The Voting Rights Act of 1965 or VRA was signed into law by LBJ, President Lyndon B. Johnson, on August 6, 1965. It was intended to enforce the 15th Amendment of the Constitution that gave all men regardless of race or prior condition of servitude (former slaves) the right to vote.
Section 5 of the VRA required jurisdictions with a history of discrimination against blacks to receive approval from the federal government before redrawing state and Congressional district lines.
Reasons Why the Voting Rights Act Was Passed
After the Reconstruction ended, many states enacted literacy tests, poll taxes, disenfranchisement of convicted criminals, threats and sometimes violence to prevent blacks from voting. Prior to the Voting Rights Act, the federal government could not challenge state or local laws that enacted these requirements on voting.
Another matter addressed by the Voting Rights Act was the deliberate lack of polling places in predominately black areas and automatic approval of voting registrants who had parents and grandparents who voted.
Evolution of the Voting Rights Act
The VRA was amended to state that jurisdictions with a large number of voters who had limited or no English skills had to be provided with voting materials in assistance in their native language in addition to assistance provided to those who speak English but might need help voting, such as the blind. This was part of Section 4 and Section 203 of the VRA.
The Voting Rights Act of 1965 was limited in 1980 by the Supreme Court ruling City of Mobile vs. Bolden. The Supreme Court ruling stated that a plaintiff had to show that a government policy or procedure was deliberately discriminatory. Disparate impacts on blacks, for matters such as disenfranchisement of felons while blacks are several times more likely to commit crimes and be sent to prison, are not sufficient basis for a suit under the VRA.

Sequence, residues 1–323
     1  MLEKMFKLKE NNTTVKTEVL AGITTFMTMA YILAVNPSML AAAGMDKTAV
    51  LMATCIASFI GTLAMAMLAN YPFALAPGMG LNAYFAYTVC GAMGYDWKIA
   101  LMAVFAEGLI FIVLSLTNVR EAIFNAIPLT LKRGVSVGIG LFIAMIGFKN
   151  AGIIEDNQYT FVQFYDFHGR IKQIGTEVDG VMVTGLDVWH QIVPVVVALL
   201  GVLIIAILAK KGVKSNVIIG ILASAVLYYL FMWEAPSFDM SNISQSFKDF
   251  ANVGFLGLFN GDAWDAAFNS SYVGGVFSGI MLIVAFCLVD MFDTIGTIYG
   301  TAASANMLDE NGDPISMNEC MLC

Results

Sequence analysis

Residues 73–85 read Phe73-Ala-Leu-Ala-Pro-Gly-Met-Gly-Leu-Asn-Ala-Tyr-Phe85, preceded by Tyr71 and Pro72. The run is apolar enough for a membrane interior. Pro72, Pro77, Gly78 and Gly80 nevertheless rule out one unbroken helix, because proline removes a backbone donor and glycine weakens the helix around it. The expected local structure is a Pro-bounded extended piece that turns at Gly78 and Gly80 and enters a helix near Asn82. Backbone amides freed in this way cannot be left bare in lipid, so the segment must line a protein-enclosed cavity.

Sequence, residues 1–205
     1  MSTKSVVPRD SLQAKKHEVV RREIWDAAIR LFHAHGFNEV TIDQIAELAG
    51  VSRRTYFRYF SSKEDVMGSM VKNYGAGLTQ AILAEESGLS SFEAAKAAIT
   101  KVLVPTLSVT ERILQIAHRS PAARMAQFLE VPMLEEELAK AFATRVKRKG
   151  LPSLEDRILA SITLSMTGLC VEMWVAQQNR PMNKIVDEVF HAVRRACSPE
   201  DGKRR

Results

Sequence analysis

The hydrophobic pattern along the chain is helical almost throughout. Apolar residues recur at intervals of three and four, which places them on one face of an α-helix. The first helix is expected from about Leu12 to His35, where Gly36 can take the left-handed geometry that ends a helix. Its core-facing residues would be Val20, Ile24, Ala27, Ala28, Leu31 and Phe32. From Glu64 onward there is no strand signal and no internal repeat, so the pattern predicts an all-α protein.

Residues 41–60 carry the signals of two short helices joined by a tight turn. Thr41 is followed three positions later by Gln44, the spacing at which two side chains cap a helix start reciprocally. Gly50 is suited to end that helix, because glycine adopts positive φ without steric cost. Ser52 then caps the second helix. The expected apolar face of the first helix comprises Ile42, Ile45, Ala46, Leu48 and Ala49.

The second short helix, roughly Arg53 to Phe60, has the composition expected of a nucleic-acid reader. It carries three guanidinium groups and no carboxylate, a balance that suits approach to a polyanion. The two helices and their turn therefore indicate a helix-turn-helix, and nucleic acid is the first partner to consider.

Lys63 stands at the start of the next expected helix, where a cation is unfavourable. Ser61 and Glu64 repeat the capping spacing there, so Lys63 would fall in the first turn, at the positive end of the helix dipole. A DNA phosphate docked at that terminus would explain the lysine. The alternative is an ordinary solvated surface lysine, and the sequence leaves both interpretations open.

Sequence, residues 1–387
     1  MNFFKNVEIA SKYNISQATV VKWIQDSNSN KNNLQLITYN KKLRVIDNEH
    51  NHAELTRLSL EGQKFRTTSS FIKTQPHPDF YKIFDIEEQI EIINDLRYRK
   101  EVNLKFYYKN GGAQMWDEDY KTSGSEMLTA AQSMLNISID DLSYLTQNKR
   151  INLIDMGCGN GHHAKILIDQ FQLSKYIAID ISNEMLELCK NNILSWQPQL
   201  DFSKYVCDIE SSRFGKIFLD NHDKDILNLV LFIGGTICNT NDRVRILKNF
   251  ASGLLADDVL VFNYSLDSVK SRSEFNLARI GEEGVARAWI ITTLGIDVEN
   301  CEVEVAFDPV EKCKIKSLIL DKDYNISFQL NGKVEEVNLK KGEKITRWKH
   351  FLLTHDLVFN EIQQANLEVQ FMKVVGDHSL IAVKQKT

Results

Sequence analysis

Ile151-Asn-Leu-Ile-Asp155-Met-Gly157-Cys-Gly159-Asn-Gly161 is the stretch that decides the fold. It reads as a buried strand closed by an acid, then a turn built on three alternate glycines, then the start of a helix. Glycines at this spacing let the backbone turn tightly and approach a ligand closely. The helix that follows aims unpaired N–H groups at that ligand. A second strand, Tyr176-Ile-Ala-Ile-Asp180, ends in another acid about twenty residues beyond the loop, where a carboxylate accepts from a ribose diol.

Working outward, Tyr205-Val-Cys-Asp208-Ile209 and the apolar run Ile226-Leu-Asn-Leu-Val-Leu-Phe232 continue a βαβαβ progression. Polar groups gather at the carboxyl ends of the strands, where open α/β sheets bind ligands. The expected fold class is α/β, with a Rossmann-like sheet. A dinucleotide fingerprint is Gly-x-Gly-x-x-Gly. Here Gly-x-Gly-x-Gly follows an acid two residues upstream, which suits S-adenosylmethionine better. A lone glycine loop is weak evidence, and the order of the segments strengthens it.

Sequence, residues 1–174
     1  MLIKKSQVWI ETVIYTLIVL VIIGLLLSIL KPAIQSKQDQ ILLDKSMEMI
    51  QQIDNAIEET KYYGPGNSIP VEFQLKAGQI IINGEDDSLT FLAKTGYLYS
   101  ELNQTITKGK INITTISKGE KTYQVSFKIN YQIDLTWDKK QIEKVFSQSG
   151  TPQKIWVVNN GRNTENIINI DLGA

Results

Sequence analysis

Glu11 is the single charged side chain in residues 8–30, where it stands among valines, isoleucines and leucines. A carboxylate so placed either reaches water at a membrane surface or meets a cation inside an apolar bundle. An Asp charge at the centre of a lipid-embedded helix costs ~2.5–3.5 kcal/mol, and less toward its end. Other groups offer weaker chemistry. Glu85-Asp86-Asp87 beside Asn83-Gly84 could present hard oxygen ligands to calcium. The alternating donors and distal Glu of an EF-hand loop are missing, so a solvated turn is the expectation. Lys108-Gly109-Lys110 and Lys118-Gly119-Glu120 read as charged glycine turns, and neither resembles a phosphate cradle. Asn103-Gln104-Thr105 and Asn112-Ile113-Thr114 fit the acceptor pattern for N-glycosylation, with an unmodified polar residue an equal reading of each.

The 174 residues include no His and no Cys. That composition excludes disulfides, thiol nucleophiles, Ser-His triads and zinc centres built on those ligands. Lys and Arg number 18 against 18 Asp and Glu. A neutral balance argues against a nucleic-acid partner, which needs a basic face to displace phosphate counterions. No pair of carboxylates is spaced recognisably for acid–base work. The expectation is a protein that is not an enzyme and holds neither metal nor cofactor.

The law was renewed by Congress in 1982. The renewal of the law included a provision that said that it wasn’t necessary to prove discriminatory action on the part of the sued party, that practices could be challenged whether or not a practice was deliberately discriminatory. Another amendment in 1982 allowed those who were blind, disabled or illiterate to be aided in voting by anyone of their choice, not just poll workers.
In the Supreme Court decision Reno v. Bossier Parish School Board, the court said that the federal government could pre-approve changes made to jurisdictions covered by Section 5 of the VRA, limiting subsequent challenges that might be issued to the resulting procedural changes.
Related Court Decisions and Legislation
The Supreme Court case Harper v. Virginia State Board of Elections in 1966 found that the poll tax of the state of Virginia was unconstitutional per the 14th Amendment. Between 1965 and 1969, several court cases found that Section 5 of the Voting Rights act was constitutional.
In 2003, the case Georgia vs. Ashcroft was decided to state that pre-clearance under Section 5 was allowed if the overall influence of minority voters wasn’t diminished, even if their ability to elect candidates was. The decision in this case was that the creation of “safe” minority-majority districts is not a federal priority under the VRA, especially when other districts in the state could vote for minority candidates or where the new districts tended to follow the voting patterns of the prior ones. Officially, drawing Congressional district lines on a racial basis is illegal, but drawing it to the advantage of one party or another (Democratic, in this case) while diluting racial voting blocks was not considered a violation of the Voting Rights Act.